With a dozen days to go before Super Bowl LII, the storyline that has dominated news outlets is whether Rob Gronkowski will be cleared to play. But after Gronkowski left the AFC Championship Game last week with his concussion, it brought up the question whether or not a player will be forced out of the Super Bowl with a head injury.
NFL Concussion History
Records will tell you that concussions were down in the NFL in 2016. We still don’t have statistics yet on players who were concussed in the 2017 season, but concussions dropped from 275 in 2015 to 244 in 2016. This data includes all preseason and regular season games as well as practices, and the NFL does not delineate when the injuries occurred.
It can safely be determined that the mass majority of concussions occur during games themselves. There are 321 preseason and regular season games played in an NFL season. Even if we assumed that all of the concussions in the NFL came in games and none in practice, there was a concussion in basically three out of every four games played in 2016.
However, remember that this isn’t an easily defined dataset. Concussions do occur in practice, and there are several games that feature more than one concussion. Furthermore, not all concussions are diagnosed in-game, and many aren’t discovered until after the game is finished.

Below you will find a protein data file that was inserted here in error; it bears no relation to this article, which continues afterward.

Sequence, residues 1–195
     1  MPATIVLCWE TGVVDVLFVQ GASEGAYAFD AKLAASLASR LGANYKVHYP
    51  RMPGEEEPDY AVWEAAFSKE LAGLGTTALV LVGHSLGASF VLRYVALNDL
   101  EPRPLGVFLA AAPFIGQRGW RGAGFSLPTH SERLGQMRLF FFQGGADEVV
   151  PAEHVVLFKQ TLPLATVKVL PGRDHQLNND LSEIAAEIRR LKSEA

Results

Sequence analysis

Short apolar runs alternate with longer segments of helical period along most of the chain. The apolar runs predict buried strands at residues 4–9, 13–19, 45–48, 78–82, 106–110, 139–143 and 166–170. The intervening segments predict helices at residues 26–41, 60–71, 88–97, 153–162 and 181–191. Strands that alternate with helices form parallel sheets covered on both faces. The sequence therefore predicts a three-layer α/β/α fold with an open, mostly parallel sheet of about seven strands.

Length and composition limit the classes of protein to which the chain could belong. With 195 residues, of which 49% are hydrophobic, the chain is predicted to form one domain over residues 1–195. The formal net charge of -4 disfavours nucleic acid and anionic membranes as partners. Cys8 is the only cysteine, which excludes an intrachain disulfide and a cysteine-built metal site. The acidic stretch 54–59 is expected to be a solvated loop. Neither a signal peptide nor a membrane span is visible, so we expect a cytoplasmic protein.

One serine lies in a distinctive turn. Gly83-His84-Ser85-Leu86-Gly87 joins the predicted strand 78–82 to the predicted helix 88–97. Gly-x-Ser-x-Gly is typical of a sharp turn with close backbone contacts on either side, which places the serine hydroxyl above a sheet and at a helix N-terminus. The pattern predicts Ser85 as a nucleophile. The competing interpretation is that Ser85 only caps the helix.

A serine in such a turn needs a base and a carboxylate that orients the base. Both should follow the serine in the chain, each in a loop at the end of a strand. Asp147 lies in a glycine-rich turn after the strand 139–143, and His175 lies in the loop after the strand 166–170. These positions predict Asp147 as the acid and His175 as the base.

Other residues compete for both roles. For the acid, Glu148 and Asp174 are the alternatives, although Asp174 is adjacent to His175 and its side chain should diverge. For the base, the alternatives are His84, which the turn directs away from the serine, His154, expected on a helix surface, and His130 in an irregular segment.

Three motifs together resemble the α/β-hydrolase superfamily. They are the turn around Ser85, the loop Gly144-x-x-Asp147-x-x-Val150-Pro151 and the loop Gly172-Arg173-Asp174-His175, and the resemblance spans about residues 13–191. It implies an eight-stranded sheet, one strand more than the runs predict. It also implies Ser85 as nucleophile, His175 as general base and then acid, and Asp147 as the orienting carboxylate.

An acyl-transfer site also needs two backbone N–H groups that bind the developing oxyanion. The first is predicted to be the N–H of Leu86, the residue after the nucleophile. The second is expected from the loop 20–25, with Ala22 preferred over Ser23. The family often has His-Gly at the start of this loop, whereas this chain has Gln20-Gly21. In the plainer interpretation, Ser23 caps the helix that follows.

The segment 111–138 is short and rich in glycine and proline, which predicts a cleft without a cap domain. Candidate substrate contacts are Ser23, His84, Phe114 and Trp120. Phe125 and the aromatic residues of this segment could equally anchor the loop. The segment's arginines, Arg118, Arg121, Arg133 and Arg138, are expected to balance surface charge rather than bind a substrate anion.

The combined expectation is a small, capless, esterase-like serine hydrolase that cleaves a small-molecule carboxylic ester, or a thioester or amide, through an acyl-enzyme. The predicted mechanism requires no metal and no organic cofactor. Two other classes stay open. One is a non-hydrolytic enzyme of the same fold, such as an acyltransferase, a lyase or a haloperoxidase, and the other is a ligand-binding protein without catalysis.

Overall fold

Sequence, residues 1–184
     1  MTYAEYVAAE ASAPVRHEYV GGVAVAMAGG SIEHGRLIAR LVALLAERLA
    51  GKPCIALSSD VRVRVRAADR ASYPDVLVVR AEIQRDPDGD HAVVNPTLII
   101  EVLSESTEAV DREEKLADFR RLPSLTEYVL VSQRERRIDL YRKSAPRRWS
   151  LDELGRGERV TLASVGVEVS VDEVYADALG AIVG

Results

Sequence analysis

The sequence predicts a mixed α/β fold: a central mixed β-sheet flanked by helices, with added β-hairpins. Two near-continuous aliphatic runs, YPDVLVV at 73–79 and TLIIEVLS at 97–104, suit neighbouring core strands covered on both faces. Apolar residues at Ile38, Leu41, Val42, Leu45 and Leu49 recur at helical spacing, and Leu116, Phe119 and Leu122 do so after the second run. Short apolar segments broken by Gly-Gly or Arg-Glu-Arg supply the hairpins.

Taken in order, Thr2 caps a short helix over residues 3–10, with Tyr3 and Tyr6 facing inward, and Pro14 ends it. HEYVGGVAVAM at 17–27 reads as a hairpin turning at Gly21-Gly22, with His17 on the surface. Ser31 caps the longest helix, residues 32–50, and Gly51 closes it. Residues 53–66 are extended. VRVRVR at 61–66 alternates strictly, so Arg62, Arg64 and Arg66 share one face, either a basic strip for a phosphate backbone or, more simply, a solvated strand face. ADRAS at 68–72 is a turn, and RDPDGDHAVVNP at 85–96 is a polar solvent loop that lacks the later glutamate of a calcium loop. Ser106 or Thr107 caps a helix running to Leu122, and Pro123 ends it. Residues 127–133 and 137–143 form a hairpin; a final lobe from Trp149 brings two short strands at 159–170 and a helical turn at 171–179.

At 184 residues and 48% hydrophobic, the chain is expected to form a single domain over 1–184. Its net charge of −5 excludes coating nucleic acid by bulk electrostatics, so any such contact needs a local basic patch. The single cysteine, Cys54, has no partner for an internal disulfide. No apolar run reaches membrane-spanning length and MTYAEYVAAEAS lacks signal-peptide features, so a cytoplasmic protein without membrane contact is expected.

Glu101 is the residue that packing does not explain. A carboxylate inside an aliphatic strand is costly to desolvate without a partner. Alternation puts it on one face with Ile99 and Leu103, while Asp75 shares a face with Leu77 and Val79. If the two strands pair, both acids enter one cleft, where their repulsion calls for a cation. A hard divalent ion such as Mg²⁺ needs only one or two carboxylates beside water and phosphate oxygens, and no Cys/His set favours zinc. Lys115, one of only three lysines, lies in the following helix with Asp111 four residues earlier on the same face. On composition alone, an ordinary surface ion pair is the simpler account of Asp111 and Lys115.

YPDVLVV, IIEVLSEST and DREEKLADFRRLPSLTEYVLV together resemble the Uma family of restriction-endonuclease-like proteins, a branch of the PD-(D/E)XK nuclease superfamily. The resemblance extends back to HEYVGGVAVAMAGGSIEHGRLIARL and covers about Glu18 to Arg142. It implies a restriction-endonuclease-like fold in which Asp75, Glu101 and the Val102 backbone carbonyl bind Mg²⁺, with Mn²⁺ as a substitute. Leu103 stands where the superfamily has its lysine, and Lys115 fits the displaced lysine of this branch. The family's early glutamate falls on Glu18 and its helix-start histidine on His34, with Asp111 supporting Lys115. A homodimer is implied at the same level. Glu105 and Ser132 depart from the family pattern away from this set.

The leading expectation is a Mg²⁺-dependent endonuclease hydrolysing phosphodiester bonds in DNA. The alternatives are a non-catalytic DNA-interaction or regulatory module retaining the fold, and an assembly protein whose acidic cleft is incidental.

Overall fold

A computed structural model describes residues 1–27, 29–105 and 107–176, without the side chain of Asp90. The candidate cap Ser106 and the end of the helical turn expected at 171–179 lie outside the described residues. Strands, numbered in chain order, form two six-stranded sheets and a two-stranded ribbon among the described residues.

Will a Player Leave Super Bowl LII and Not Return Due to a Concussion?
Even though the NFL collects a concussion in three out of four games, the actual number of players who leave the game for a concussion and don’t return is significantly smaller. It isn’t completely rare to see a player leave a game with a concussion and not return, but Gronkowski’s hit was certainly more high profile than most concussions considering the fact that it drew a 15-yard penalty, and will probably earn Barry Church a fine from the NFL.
The NFL is starting to really take concussions seriously, but this is the Super Bowl, and men in their 20s and 30s generally have little regard for their bodies at this stage of their lives. There have been some high-profile incidents when teams have more or less foregone the concussion protocol under a tremendous level of scrutiny from the NFL, including the Seahawks’ handling of Russell Wilson and Cam Newton’s “eye injury”. Those were both late-season games, and obviously, the Seahawks and Panthers weren’t getting anywhere near the playoffs if their quarterbacks missed any substantial time due to head injuries.
Could the same thing happen in the Super Bowl? Absolutely.
Though it’s obviously hard to forecast concussions when the difference between an illegal and devastating hit to the head and a legal hit to the chest is a matter of inches, the key to remember here is that the player has to leave the game and not return. It’s one thing for a player to be taken to the infamous blue tent or even back to the locker room. It’s something totally different for that player to not return to the game.
At a price of -150, it’s probably a steal to bet against a concussion happening in the biggest game of the season.
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